When a baby is born with a hole in the septum (the wall separating the right and left sides of the heart), blood leaks from the left side of the heart to the right, or from a higher pressure zone to a lower pressure zone. A major leakage can lead to enlargement of the heart and failing circulation. The most common types of septal defects are atrial septal defect, an opening between the two upper heart chambers, and ventricular septal defect, an opening between the two lower heart chambers. Ventricular septal defect accounts for about 15% of all cases of congenital heart disease in the United States.

Cyanotic defects

Heart disorders that cause a decreased, inadequate amount of oxygen in blood pumped to the body are called cyanotic defects. Cyanotic defects, including truncus arteriosus, total anomalous pulmonary venous return, tetralogy of Fallot, transposition of the great arteries, and tricuspid atresia, result in a blue discoloration of the skin due to low oxygen levels. About 10% of cases of congenital heart disease in the United States are tetralogy of Fallot, which includes four defects. The major defects are a large hole between the ventricles, which allows oxygen-poor blood to mix with oxygen-rich blood, and narrowing at or beneath the pulmonary valve. The other defects are an overly muscular right ventricle and an aorta that lies over the ventricular hole.

In transposition (reversal of position) of the great arteries, the pulmonary artery and the aorta are reversed, causing oxygen-rich blood to re-circulate to the lungs while oxygen-poor blood goes to the rest of the body. In tricuspid atresia, the baby lacks a triscupid valve and blood cannot flow properly from the right atrium to the right ventricle.

Other defects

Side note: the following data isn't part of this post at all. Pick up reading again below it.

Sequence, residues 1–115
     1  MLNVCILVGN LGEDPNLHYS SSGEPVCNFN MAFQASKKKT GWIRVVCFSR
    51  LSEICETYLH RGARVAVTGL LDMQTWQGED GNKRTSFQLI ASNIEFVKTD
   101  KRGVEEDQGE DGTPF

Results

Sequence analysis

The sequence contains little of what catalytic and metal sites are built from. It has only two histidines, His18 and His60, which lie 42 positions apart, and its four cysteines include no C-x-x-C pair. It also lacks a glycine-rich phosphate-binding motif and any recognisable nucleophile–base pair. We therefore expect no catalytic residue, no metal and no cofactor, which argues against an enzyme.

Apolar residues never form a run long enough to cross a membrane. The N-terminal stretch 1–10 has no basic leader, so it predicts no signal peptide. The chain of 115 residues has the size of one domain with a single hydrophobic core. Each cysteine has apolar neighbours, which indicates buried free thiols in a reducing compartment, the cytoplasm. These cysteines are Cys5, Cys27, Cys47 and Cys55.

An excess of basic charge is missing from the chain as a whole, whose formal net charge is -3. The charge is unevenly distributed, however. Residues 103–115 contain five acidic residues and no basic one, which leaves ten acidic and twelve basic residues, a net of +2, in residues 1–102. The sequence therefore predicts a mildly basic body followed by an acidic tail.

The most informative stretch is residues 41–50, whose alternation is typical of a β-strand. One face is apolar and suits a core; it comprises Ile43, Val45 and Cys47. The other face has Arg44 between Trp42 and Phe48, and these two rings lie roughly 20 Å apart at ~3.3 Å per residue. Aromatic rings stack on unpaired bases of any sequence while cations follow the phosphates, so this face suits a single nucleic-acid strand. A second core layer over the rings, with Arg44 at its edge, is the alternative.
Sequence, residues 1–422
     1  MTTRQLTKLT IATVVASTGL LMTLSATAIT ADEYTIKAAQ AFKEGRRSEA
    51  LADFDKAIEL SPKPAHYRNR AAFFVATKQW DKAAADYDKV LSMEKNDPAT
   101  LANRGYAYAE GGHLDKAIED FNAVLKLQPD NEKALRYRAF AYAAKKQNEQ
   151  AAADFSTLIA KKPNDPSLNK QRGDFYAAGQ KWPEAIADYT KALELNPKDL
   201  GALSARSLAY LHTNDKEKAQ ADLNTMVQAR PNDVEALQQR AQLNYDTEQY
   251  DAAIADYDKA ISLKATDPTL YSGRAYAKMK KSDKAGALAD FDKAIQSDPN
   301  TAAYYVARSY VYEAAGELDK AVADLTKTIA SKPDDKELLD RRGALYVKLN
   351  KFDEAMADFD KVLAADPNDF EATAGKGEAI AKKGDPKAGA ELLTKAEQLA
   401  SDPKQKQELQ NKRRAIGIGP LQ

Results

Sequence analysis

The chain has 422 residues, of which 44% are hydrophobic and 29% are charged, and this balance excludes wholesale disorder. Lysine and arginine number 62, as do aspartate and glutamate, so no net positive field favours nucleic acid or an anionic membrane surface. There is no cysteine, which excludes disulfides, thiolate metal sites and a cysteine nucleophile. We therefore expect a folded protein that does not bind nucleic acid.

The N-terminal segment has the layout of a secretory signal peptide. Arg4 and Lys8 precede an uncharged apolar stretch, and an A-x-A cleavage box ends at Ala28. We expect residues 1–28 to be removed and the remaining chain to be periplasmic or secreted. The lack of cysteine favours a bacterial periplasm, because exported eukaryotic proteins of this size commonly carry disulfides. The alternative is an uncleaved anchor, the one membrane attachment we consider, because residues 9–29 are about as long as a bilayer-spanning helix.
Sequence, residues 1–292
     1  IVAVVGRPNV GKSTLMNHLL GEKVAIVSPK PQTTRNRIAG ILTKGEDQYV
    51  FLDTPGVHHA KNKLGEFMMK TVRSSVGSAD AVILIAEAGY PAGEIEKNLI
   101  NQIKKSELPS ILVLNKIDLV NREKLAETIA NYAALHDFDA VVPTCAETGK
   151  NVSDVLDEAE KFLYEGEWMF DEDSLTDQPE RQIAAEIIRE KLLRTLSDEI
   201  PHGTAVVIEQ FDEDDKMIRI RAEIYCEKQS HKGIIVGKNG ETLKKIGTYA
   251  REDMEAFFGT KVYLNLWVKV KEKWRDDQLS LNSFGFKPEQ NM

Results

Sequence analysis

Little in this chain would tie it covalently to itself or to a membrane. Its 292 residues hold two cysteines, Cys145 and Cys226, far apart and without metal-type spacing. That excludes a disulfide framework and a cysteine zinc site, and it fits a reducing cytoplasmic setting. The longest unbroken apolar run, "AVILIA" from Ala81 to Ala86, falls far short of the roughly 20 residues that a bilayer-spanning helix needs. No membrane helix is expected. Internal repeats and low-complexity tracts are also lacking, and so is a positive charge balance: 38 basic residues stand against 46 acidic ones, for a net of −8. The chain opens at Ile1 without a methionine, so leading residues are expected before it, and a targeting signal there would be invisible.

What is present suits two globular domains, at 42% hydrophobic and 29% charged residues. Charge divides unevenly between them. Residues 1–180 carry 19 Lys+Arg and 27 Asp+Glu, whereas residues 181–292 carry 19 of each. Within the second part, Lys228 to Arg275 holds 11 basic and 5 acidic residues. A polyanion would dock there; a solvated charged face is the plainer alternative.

Ebstein's anomaly is a rare congenital syndrome that causes malformed tricuspid valve leaflets, which allow blood to leak between the right ventricle and the right atrium. It also may cause a hole in the wall between the left and right atrium. Treatment often involves repairing the tricuspid valve. Ebstein's anomaly may be associated with maternal use of the psychiatric drug lithium during pregnancy.

Brugada syndrome is another rare congenital heart defect that appears in adulthood and may cause sudden death if untreated. Symptoms, which include rapid, uneven heart beat, often appear at night. Scientists believe that Brugada syndrome is caused by mutations in the gene SCN5A, which involves cardiac sodium channels.

Infants born with DiGeorge sequence can have heart defects such as a malformed aortic arch and tetralogy of Fallot. Researchers believe DiGeorge sequence most often is caused by mutations in genes in the region 22q11.

Marfan syndrome is a connective tissue disorder that causes tears in the aorta. Since the disease also causes excessive bone growth, most Marfan syndrome patients are over six feet tall. In athletes, and others, it can lead to sudden death. Researchers believe the defect responsible for Marfan's syndrome is found in gene FBN1, on chromosome 15.

About 32,000 infants are born every year with congenital heart disease, which is the most common birth defect. About half of these cases require medical treatment. More than one million people with heart defects are currently living in the United States.